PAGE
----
Chapter Spotlight: Alabama SSN Collaborates with Local Civic Organizations
“Through our 2022 partnership with SSN's Dr. Peter Jones, Alabama Appleseed was for the first time able to tell lawmakers just how expensive it is to suspend drivers' licenses…It means a lot to be able to fight 'tough-on-crime' rhetoric with facts. If we can keep going this way, we'll eventually win." - Leah Nelson, Research Director, Alabama Appleseed
In Alabama, individuals who have unpaid traffic tickets or court debt can have their driver’s license suspended, affecting around 170,000 Alabamians every year. When Alabama Appleseed, a local non-profit and non-partisan organization, was looking to make the case to lawmakers about how harmful this policy is, they found the perfect researcher to help: Alabama SSN chapter leader Peter Jones. This was not the Alabama chapter’s first such connection. In fact, it was part of a multi-year effort to build relationships with civic organizations that recently culminated in an event bringing together over two dozen organization staff and around ten local researchers to foster further connections.
Jones is an Assistant Professor of Political Science at the University of Alabama at Birmingham where his research focuses on the public budgeting processes and financial management of local and state governments. That made him an ideal candidate to work with Alabama Appleseed on their push to stop the suspension of driver’s licenses.
“I mean this is the classic SSN story,” said Jones of the connection. “It started years ago and we never thought this would happen, but…I had a former student who did an internship with Alabama Appleseed as one of their law fellows. They hired her and I had her come to a class to talk to my students about her public service journey. I had recently read a report that Alabama Appleseed had done on fines and fees, so I just said to her: ‘This is in my wheelhouse, I’m interested if they need any help.’ She connected me to their research director, we had a meeting, and it went from there.”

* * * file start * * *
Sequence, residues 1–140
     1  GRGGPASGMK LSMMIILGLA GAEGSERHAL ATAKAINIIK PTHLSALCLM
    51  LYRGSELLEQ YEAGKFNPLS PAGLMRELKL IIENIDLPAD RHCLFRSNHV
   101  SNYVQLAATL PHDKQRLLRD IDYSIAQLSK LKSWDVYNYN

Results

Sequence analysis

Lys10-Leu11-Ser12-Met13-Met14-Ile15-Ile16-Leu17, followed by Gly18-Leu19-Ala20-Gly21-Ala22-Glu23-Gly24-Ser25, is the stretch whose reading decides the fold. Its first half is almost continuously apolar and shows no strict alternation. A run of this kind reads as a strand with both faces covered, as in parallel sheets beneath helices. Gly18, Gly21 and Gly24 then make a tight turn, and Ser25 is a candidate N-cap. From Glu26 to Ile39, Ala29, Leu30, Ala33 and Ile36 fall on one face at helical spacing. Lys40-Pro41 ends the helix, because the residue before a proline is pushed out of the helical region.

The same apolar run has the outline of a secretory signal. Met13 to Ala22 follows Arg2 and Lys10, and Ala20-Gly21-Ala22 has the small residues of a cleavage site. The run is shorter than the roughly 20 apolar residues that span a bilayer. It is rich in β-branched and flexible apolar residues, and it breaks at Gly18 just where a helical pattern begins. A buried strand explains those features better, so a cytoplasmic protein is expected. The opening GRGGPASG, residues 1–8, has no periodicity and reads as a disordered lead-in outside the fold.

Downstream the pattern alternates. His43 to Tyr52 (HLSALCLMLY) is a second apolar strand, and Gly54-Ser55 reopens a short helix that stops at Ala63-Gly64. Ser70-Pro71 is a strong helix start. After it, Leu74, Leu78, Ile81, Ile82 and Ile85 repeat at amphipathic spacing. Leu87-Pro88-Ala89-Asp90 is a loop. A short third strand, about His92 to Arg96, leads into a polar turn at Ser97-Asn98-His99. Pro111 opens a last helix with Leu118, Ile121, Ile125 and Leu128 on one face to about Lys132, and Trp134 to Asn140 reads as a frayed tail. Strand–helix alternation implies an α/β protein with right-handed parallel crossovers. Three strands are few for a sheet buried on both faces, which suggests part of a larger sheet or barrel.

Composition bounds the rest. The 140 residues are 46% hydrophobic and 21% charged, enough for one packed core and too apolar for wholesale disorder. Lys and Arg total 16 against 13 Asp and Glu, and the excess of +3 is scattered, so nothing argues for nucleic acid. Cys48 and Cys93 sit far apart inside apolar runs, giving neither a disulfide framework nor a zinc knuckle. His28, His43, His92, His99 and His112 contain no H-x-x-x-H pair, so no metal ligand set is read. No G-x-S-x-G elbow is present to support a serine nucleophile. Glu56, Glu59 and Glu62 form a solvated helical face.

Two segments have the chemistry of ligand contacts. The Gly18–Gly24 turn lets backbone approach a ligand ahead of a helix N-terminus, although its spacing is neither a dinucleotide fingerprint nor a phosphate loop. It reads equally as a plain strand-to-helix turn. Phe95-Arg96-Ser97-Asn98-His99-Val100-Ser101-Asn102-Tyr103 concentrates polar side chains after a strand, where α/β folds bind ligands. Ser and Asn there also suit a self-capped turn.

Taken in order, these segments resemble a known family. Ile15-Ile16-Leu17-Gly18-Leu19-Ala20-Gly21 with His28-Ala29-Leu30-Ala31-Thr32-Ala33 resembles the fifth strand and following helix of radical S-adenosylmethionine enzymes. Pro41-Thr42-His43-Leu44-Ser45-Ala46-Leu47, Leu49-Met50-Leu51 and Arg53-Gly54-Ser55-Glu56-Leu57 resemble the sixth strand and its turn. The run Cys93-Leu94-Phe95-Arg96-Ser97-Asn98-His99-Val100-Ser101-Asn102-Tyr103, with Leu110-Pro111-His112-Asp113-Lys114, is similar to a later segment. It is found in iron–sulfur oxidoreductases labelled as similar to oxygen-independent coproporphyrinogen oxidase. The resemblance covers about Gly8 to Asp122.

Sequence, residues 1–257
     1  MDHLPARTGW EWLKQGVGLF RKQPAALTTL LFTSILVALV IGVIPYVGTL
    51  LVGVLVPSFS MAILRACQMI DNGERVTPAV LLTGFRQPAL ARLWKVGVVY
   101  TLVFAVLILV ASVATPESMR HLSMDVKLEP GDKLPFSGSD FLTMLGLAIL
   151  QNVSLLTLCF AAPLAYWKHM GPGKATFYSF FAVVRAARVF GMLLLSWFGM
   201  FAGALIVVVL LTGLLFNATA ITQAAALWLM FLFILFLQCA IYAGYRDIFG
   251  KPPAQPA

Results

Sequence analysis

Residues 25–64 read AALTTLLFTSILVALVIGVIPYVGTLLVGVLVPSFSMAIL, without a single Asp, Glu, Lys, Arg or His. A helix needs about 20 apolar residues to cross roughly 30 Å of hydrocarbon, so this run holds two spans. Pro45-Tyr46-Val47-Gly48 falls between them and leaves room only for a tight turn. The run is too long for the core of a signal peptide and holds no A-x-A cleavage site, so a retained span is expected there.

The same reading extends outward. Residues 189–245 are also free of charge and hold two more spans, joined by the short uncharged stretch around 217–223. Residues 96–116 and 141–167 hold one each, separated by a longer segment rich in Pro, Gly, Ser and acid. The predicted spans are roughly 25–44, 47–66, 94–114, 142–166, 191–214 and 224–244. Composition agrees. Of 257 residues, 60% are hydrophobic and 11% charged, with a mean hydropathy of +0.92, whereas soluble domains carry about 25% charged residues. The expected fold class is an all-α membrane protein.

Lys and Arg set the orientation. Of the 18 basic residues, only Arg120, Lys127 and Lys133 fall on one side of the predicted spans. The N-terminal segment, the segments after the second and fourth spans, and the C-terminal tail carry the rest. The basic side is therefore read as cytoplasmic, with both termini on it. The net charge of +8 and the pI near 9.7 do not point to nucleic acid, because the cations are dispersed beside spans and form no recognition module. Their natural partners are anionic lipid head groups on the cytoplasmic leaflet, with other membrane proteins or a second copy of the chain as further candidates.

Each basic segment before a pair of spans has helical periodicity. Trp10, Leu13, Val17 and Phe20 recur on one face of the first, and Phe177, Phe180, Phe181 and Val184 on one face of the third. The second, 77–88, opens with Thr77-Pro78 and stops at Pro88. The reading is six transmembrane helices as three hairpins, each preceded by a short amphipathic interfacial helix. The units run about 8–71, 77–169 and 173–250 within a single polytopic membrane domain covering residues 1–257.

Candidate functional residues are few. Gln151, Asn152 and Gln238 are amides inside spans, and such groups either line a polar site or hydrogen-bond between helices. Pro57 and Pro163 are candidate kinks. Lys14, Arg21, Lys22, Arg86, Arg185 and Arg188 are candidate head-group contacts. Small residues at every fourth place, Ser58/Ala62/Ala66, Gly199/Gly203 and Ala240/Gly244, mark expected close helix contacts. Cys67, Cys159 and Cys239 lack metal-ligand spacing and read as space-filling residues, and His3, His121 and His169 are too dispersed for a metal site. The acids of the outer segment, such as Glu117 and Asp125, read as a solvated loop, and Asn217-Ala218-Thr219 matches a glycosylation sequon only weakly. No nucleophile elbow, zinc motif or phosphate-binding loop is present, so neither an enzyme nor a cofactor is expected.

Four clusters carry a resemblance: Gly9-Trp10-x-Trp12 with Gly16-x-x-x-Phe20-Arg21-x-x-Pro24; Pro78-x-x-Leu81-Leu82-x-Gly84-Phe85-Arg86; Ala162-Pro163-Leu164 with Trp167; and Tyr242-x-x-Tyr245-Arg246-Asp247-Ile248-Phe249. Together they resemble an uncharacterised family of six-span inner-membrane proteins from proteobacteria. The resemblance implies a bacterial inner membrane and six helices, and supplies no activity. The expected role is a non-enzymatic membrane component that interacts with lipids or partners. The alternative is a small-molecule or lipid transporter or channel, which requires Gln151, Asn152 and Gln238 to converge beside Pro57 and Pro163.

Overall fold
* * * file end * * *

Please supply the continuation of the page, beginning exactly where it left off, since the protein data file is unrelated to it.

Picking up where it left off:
After meeting with Leah Nelson, Research Director for Alabama Appleseed, Jones quickly got to work analyzing how much the state loses in taxes because they suspend driver’s licenses for unpaid debt. He found that Alabama is losing $804.86 in tax revenue per suspended license because individuals who lose their license typically aren’t able to get jobs that would provide taxable income, and they aren’t paying taxes on gas.
Alabama Appleseed was able to use his analysis in their meetings with policymakers regarding a bill that would end this policy. Nelson shared of their work together:
"The unfortunate reality is that in Alabama, a lot of public policy decisions are not based on evidence, especially in the criminal legal context. For instance, Alabama's policy of suspending drivers' licenses for unpaid court debt does not keep Alabamians safter, but has collateral consequences that harm individuals and families and drive incarceration. Through our 2022 partnership with SSN's Dr. Peter Jones, Alabama Appleseed was for the first time able to tell lawmakers just how expensive it is to suspend drivers' licenses. We didn't get reform over the finish line this year, but lawmakers referenced Dr. Jones' findings in committee hearings and meetings. It means a lot to be able to fight 'tough-on-crime' rhetoric with facts. If we can keep going this way, we'll eventually win."
The connection between Alabama Appleseed and the Alabama SSN chapter didn’t stop there. Instead, chapter co-leaders Jones, Peggy Biga, and Bridgett King saw an opportunity to bring researchers and civic organizations like Alabama Appleseed together for an event meant to spur similar collaborations.
On May 24th, staff from local civic organizations, including the ACLU of Alabama, A+ Education Partnership, Alabama Arise, and others, and researchers from local universities gathered at the Birmingham Zoo to learn more about each other’s work. “The focus was to understand from the policy org side, their constraints and what they’re looking for in working with researchers. And then I think really the bigger impact was for those policy organizations to understand us as researchers, what our workflow is, how to get us to respond to an email, and all of those things,” said Jones. Since the event, Jones has already been contacted by one of the organizations in attendance to schedule a follow up conversation.
The event also builds on the chapter’s work with Alabama Forward and the Southern Poverty Law Center (SPLC) to create an asset map of the state’s civic organizations. Jones is now leading a landscape analysis to help SPLC better understand what organizations are working in the state and what their priorities are.
Looking forward, the Alabama chapter aims to continue their work building relationships between civic organizations and researchers in the state, including by organizing additional events that bring these groups together and focus on different avenues for collaboration.
Learn more about the Alabama SSN chapter here.